Shea Coulée & Gess, “Essence”

When you combine the skill and confidence of drag star Shea Couleé with the otherworldly production of pop artist Gess, you encounter the haunting love song “Gasoline”. As Couleé shatters her lover’s preconceptions of what love is, Gess delivers a distorted melody, sending their listeners to the stars.

Holland, “Never Land”

K-pop stars usually don’t get a chance to express their same-sex love thanks to Korea’s rigid anti-gay policy. But pop singer Holland defied expectations with the release of “Neverland”, one of the first K-pop songs with an overtly gay connotation. As Holland begs his lover to fly with him to a place where they can be free, you’ll find yourself crying and clapping at the same time.

Bronze Avery, “I want 2”

If the sexy falsetto tones of Bronze Avery’s voice don’t immediately melt your heart, then maybe the lyrics from that irresistible “Want 2” earpiece will. Indulging in his new love, singing “Let’s do what we wanna do / I’ll take my time with you / Swear I gotta list these things I wanna do,” Avery not only shows off his vocal dexterity, but his emotional availability. .

Jesse Saint John, “What do you like”

Getting caught up in the heat of passion happens to everyone, and celebrity songwriter Jesse Saint John (Britney Spears, Camila Cabello) invites you to experience that moment with “What Do U Like”. Listening to Saint John’s sex-laden dance piece makes you excited to hear what’s to come on his already star-studded streak of expert pop writing.

Wrabel, “This is what I would do”

Even though he only released a live version of this song, Wrabel manages to touch you with the heartache of “This is what I would do”. Singing a selfless desire to show someone love, Wrabel takes his sensitive musical styles to an all-time high on this gorgeous new song.

Aaron Porter, “Boy”

Upcoming pop singer Aaron Porter shows off all the sultry tricks in his arsenal on his debut track “Boy”. The song is about allowing you to be more vulnerable in front of your crush, while simultaneously showing them why they belong to you.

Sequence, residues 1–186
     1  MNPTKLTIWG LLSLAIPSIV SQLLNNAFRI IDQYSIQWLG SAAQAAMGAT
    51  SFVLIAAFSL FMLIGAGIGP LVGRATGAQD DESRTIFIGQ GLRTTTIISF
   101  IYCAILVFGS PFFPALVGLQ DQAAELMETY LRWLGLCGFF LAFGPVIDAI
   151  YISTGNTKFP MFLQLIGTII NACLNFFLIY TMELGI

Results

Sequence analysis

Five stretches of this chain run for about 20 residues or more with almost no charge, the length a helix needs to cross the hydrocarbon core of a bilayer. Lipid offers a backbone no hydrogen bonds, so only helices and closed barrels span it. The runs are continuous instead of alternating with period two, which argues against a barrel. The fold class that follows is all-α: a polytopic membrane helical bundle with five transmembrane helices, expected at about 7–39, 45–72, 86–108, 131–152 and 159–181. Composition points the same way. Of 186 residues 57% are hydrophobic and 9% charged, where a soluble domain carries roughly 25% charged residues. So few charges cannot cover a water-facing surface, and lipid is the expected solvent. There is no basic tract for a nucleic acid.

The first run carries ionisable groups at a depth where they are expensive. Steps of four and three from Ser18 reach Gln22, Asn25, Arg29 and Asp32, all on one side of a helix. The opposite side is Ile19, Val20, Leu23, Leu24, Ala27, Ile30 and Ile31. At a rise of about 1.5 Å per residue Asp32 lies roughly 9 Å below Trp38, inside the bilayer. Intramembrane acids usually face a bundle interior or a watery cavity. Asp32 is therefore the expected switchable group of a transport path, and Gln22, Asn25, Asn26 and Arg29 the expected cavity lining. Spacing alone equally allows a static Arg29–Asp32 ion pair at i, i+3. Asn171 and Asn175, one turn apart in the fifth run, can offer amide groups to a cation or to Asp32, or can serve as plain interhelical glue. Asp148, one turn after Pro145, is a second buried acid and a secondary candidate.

A Great Big World ft. Futuristic, “Hold on to each other”

A Great Big World’s “Hold Each Other” begins like most other love songs – a boy singing about the girl who keeps him young at heart. But in the song’s second verse, the duo’s openly gay member Chad King steps in to show a boy the exact same sentiment, once again showing that pronouns matter when it comes to writing a song. queer love song.

The feat of superfruits. Amber Liu, “Fantasy”

Pentatonix members Mitch Grassi and Scott Hoying light up the spell in their high-energy dance piece “Fantasy”. Singing about a perfect relationship, the talented duo take listeners to a dreamy landscape of love and romance.

Ryan Ashley, “Take care of yourself”

Ryan Ashley’s tender vocals perfectly mirror his compassionate lyrics on his heartwarming single “Care for You”. Sometimes true love shows someone you’re there for them, and Ashley expertly exemplifies the perfect match here.

Morgxn, “xx”

Sometimes you just can’t wait for that special man to walk your way, which alt-pop singer Morgxn manages to convey in his song “xx”. From a singer with a discography full of songs about pain, loss and grief, “xx” plays like a beaming pillar of light that will fill you with flirtatious joy.

Troye Sivan & Jónsi, “Revelation”

While the subject of the 2018 film Boy erased may not lend itself to pure romantics, it is clear that Troye Sivan’s collaboration with Jónsi de Sigur Rós for the film’s soundtrack does this perfectly. Bathed in the light of pure love, Sivan’s crystalline baritone pairs perfectly with Jónsi’s straightforward production, creating not only an extremely moving scene for the film, but a beautiful love song for the ages.

The feat of Robokid. Manila Killa and AOBeats, “17”

Some might argue that teenage love is inherently silly, but young pop singer Robokid instead focuses on the hopeless romance that comes with it on “17”. With hazy production and an instantly catchy beat, Robokid manages to capture the teenage experience in a song.

Léo Kalyan, “Horizon”

Sometimes the mere possibility of love can be just as romantic as the reality, as newcomer Leo Kalyan demonstrates in his song “Horizon”. Accompanied by a thundering bass and a quiet melody, Kalyan explains how even a simple touch from his lover can send him into a spiral of pleasure.

Jax Jones and Years & Years, “Play”

Take dance-pop producer Jax Jones, add Years & Years pop stars, and you’ve got the hugely fun and flirty “Play”. Centered around a man who knocks down his emotional walls to start having fun with his same-sex lover, “Play” will have you and your partner dancing in no time.

The feat of Blood Orange. Carly Rae Jepsen, “Better Than Me”

Above all, the most important type of love a person can find is self-love, which Dev Hynes and Carly Rae Jepsen explore in detail in “Better Than Me.” The song deals with Hynes’ constant fear that he isn’t black or queer enough, but ultimately sends the message home that the truest love you can find is deep inside yourself, not in someone. one else.